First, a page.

PhD Blog: The Disproportionate Increase of Female Prisoners within a Penal System Structured on Proportional Punishment

IMAG0937_c3The second submission in our PhD Blog series is  by Sharon Walker.

Sharon is in her fourth year of her PhD at the National University of Ireland Galway. Today she is writing about her PhD subject, which focuses upon the increasing number of females in the Irish criminal justice system.

If you are interested in hearing more from Sharon about her interesting research, you can email her  s.walker3@nuigalway.ie or follow her on  twitter@sharonjanie.

The Disproportionate Increase of Female Prisoners within a Penal System Structured on Proportional Punishment

The Irish criminal justice system is conflicted with the irony of a disproportionate growth within a jurisdiction which bases its sentencing practices on the principle of proportionality.  Whilst the number of female prisoners remains a minority within the entire prison population, the exponential growth of female offenders being committed under sentence is alarming.  Irish Prison Service statistics show that the proportion of female offenders sentenced to committal in 2007 was one to every twelve male offenders, rising to one in four by 2014[1].  Although sentencing in Ireland remains unstructured by formal guidelines, ‘proportional punishment’ is measured by the gravity of the offence committed and the particular circumstances of the offender.

This research began with investigating whether a change in female offence types and offender demographics were responsible for the enhanced punishment.  Improved crime data and recording techniques[2] showed that this was not the case. Committals have grown, despite offending remaining predominantly non-violent and acquisitive[3].  The research focus then shifted to examine the sentencing practices employed by the sentencers.    Was this the result of an attitudinal change, where judges were adopting a harsher stance within their wide discretion?

The difficulty with testing this particular hypothesis stems from the type of crime traditionally committed by the female offender.  Females generally commit lower level crime than their male counterparts and cases are often dealt with summarily.  This means that the majority of cases are heard in the District Court, where ‘conveyor-belt’ style proceedings makes decision analysis difficult.  Recent studies have used random sampling techniques[4] or judicial interviews using vignette studies[5] to gain insight into judicial attitudes. These appear to show that judges have not altered their sentencing practices but rather tend to adhere to their own ‘rule of thumb’.  While slight judicial variation has been detected in different District Court locations, for example between urban and rural locations[6], any wild fluctuation in sentencing practices would attract media attention and appeals would increase.  District Court proceedings might be hurried and noisy, but they are still public and subject to scrutiny.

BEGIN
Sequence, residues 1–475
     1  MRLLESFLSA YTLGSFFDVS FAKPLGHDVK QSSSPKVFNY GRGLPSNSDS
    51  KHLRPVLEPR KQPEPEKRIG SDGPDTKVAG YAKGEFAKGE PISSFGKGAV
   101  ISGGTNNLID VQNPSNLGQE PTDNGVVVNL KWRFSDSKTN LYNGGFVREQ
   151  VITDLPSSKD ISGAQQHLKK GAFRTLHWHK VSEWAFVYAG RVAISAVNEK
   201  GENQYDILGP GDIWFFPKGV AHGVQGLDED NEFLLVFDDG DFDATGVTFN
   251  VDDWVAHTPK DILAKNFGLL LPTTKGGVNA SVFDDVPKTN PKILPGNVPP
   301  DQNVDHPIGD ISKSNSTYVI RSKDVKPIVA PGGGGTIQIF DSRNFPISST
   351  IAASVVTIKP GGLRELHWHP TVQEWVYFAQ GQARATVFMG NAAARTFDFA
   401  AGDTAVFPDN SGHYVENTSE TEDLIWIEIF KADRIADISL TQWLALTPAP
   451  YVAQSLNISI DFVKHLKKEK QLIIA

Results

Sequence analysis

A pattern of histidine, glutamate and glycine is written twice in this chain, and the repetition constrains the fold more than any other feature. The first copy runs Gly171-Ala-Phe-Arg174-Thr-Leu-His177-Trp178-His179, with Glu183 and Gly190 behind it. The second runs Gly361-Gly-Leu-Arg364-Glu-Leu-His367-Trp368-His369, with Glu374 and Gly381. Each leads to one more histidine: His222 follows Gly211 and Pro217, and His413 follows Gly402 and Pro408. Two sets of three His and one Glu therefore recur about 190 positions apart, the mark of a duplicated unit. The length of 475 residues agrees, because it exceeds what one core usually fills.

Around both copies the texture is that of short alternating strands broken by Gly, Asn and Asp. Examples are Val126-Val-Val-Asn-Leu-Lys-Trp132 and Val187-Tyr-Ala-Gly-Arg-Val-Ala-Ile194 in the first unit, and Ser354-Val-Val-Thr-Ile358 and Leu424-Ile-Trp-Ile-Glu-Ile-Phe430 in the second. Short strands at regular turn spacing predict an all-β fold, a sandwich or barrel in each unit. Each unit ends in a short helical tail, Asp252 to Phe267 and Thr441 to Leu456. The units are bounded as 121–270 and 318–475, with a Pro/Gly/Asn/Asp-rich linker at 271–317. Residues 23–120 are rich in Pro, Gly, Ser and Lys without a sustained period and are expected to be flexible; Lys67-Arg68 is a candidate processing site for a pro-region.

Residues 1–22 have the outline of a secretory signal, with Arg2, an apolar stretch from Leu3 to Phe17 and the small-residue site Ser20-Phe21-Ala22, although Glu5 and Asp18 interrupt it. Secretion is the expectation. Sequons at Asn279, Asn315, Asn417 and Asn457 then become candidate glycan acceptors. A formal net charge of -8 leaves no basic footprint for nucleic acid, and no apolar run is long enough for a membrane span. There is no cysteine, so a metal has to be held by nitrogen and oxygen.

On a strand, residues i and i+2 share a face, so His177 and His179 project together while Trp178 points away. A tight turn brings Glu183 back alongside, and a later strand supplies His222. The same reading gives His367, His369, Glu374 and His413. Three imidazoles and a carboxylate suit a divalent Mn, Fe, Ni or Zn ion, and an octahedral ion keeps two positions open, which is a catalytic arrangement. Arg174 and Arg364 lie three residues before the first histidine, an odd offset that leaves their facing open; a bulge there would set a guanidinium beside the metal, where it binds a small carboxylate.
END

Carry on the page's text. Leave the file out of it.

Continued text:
Committal rates can be disguised behind very short term prison sentences combined with the use of full temporary release.  This has a deceptive effect on daily prison population statistics[7].  Closer inspection reveals a high turnover of both new and recidivist offenders. Where less crisis is felt at the front line by staff and inmates in relation to over-crowding issues, the growing problem requiring attention at policy level may be shelved in favour of ‘louder’ complaints.

Most females who are committed to prison are not sent directly from the District Court dock to the prison.  Instead, the majority of committals are the result of non-payment of a court-ordered fine.  The irony of a custodial sentence resulting from fine default is that the judge will have considered the original offence to be not serious enough to come within the custodial ambit in the first place.

Should the judge decide that the offence does fall within the custodial sphere, the provisions of the Criminal Justice (Community Service) Act 2011 are designed to compel the judge to reconsider a sentence of twelve months or less and to check for the suitability of a Community Service Order (CSO).  However, given that the majority of offences committed by Irish women do not even warrant a prison sentence of more than three months, the legislation in fact only serves to protect a minority of female offenders whose crimes are more serious.